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While some oft-cited labor statistics suggest that the average American worker will have as many as seven careers over his or her lifetime, many jobs researchers say that number is implausibly high. UCLA’s James I. Ausman, MD, PhD, however, has come close.

James I. Ausman, MD, PhDBy Kim Kowsky

In the past 50 years, Dr. Ausman has made his mark as a neurosurgeon, medical educator, business consultant, lecturer, online publisher and television producer. All of his endeavors, he says, are based on one guiding principle that he learned from his father, a physician, and his mother: “The patient comes first.”

“It is a fundamental principle in medicine,” Dr. Ausman says. “It’s all about helping people.”

At age 75, Dr. Ausman currently spends one week a month in the operating room. A specialist in complicated surgeries of the brain, he now focuses on spine surgery, vascular surgery and tumor surgery. The rest of his time is divided among a host of other enterprises, each of which is a career in itself. With a lecture schedule this year that includes Finland, Korea, Pakistan, Peru, Panama and Israel, Dr. Ausman serves as chief executive officer of Future Healthcare Strategies, a neuroscience and neurosurgery consulting company he founded. He also is editor-in-chief of Surgical Neurology International, a free online journal of neurosurgery and neuroscience that he began in 2010. The journal reaches some 20,000 readers each month in more than 200 countries, offering scientific papers, live video tutorials and other educational content. “It’s all about helping people,” Dr. Ausman says.

He and his wife of 53 years, Carolyn, also have a production company that currently is assembling its third season of a successful public-television series called The Leading Gen, which draws on his extensive research in geriatrics, cognitive psychology, physiology, aging and brain imaging to help baby boomers and older people achieve longer, healthier lives.

Dressed in his signature white jeans, white shirt, white coat and white cowboy boots — a pristine ensemble he wears daily to convey fastidiousness to his patients — Dr. Ausman cuts a striking figure of health and vitality. Each day, he rises at 4:30 am to read 10 politically diverse online newspapers, medical journals, books and other publications. He also spends an hour a day playing tennis and swimming.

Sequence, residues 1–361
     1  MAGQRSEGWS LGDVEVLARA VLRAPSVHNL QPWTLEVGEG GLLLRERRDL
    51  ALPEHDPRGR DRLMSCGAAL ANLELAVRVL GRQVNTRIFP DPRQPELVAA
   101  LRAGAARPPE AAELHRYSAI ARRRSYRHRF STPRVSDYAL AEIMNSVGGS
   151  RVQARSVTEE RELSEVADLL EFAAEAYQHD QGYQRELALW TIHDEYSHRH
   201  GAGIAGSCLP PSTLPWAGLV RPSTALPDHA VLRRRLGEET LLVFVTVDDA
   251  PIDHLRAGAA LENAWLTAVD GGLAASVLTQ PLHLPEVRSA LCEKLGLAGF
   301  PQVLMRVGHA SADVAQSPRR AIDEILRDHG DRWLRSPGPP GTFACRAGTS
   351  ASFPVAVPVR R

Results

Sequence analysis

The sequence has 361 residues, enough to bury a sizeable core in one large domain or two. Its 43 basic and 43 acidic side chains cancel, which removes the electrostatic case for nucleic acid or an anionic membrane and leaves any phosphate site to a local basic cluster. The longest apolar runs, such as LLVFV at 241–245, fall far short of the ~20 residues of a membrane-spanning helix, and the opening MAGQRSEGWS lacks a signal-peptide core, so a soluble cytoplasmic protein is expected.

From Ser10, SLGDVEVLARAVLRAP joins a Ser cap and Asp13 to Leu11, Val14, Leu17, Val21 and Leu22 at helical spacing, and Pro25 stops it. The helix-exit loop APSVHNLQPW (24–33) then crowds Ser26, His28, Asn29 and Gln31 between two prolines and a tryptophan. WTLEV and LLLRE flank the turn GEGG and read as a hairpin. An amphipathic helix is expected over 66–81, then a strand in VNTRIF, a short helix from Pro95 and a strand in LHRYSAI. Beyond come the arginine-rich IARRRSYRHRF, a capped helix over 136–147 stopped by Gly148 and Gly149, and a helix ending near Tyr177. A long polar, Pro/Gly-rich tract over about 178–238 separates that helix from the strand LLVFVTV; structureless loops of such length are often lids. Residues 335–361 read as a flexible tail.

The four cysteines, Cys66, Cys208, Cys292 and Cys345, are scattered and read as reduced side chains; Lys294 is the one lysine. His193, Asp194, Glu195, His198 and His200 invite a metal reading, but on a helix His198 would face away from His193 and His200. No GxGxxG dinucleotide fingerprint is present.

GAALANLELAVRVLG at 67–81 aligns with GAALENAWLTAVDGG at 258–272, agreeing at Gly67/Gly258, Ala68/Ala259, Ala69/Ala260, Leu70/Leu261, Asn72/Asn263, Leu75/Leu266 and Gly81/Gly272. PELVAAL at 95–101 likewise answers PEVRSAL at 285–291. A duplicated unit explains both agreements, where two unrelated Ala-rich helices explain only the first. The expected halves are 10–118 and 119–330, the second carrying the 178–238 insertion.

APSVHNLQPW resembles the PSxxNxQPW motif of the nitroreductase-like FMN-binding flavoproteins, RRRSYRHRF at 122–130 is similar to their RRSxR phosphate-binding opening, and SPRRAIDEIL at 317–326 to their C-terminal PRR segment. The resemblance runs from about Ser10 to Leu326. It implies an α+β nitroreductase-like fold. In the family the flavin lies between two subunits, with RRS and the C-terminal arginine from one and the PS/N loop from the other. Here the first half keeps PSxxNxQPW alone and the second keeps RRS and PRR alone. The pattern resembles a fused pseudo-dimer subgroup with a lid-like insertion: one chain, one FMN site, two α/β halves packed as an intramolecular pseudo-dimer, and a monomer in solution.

Dr. Ausman earned his MD from The Johns Hopkins University School of Medicine, a master’s in physiology from State University of New York, Buffalo, and a PhD in pharmacology from George Washington University. After completing his neurosurgery residency at the University of Minnesota, he worked at the National Institutes of Health for three years, where he developed the nation’s first pharmacological model for brain-tumor therapy. He also was on the board of directors of a biomedical company that he helped found, which sold a product he and his colleagues developed to measure brain-oxygen content.

Before he came to UCLA in 2004, he headed two departments of neurosurgery — Henry Ford Hospital in Detroit and the University of Illinois in Chicago — growing both into top-ranked programs and cementing his reputation as a “turnaround specialist.”

Dr. Ausman’s strategy for creating The Leading Gen and the production company that launched it in 2007 speaks volumes about his intellectual curiosity and prowess, as well as his tendency to take on controversial topics. When he came to Los Angeles, he began treating a large number of formerly high-powered executives who saw their cognitive and language abilities decline after retirement — a condition he describes as both a syndrome and a disease precipitated by retirement. He felt particularly frustrated by the widely accepted view that people are born with brain cells that are destined to decrease throughout life. Research, he says, shows that the number of brain cells actually increases when properly stimulated. “If you exercise your body and brain throughout your life, you’re continuously making chemical products that will keep your brain functioning at a high level and make new brain cells and connections that last as long as you are active,” he says.

Drawing on Carolyn’s background in broadcast communications and their own research on aging, the Ausmans created a proposal for a television show for people age 50 and older that would focus on stories of “real people finding real solutions to life’s real challenges.” The TV program initially was turned down by several television producers who were wary of marketing to older viewers, so the Ausmans created their own production company and began writing, shooting and editing a series of interviews with people representative of the U.S. population. The show has been broadcast on 214 public-television stations nationwide.

Dr. Ausman takes his own research into aging to heart. He and Carolyn are currently working on a personal “strategic plan” to help guide what they will do in the next chapter of their lives. “We’re looking at new careers and new challenges. The 21st century is going to be a phenomenal period in human history. We want a plan so we can enjoy it,” he says, adding “It’s going to be all about helping people.”

Kim Kowsky is a freelance writer in Los Angeles.

 





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